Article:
|Preceded by Thomas Kean|
Political party Democratic
Awards Profile in Courage Award
Succeeded by Rob Andrews
Party Democratic Party
|Preceded by John E. Hunt|
Spouse Lucinda Florio (m. 1988)
Name James Florio
|Full Name James Joseph Florio|
Born August 29, 1937 (age 78) Brooklyn, New York, United States (1937-08-29)
Alma mater The College of New Jersey (B.A.) Rutgers Law School-Camden (J.D.)
Role Former Governor of New Jersey
Previous office Representative (NJ 1st District) 1975–1990
Education Columbia University, Rutgers University
Similar People Rob Andrews, Jon Corzine, Chris Christie
Succeeded by Christine Todd Whitman
Career profile james florio former governor and senior policy fellow
James Joseph Florio (born August 29, 1937) is an American Democratic politician who served as the 49th Governor of New Jersey from 1990 to 1994, the first Italian American to hold the position (he is of half Italian ancestry). He also served as a member of the United States House of Representatives for 15 years between 1975 and 1990.
- Career profile james florio former governor and senior policy fellow
- Steven altschuler david knowlton and james florio gun violence as a public health issue
- Early life
- 1993 election
- Post governorship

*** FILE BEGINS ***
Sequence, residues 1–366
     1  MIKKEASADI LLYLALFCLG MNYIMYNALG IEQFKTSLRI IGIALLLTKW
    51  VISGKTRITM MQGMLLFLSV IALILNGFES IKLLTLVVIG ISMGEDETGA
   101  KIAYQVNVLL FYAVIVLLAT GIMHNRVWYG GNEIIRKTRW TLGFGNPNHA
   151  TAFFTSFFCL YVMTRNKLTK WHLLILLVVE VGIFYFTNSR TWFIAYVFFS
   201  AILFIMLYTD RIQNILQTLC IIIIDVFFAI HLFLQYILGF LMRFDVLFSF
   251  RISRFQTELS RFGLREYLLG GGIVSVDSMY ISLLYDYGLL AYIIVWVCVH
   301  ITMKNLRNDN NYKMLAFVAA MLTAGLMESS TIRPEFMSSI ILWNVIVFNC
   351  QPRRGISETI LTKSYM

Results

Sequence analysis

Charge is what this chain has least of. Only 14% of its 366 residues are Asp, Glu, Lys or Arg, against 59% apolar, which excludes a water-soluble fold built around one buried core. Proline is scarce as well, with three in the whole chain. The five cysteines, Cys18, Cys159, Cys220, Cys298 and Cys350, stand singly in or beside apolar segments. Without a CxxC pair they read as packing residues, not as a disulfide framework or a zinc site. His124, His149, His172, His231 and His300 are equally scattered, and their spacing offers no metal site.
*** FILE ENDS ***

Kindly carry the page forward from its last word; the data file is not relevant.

- Current position
Steven altschuler david knowlton and james florio gun violence as a public health issue
Florio was born and raised in Brooklyn, New York. His father was of Italian descent and his mother was of Scottish, Irish, and German descent. In Brooklyn, he attended Erasmus Hall High School.
He attended Trenton State College (now The College of New Jersey) and received a law degree from Rutgers School of Law–Camden (1967). He was an amateur boxer. He served as an enlisted man in the United States Navy from 1955 to 1958, and afterwards was a reservist until 1975 eventually achieving the rank of lieutenant commander.
After being admitted to the bar, Florio became the assistant city attorney for the City of Camden, a position he would hold until 1971. He was the borough solicitor for the New Jersey towns of Runnemede, Woodlynne, and Somerdale from 1969-74.
In both 1969 and 1971, Florio was elected to represent Legislative District 3D in the New Jersey General Assembly, covering portions of Camden County, each time with Democratic running mate John J. Horn, whom Florio had served as a legislative aide while he was still in law school. He was elected in 1973, together with Ernest F. Schuck, to represent the 5th Legislative District in the General Assembly, which covered portions of Camden Couny and Gloucester County; Florio resigned in 1975 to take a seat in Congress.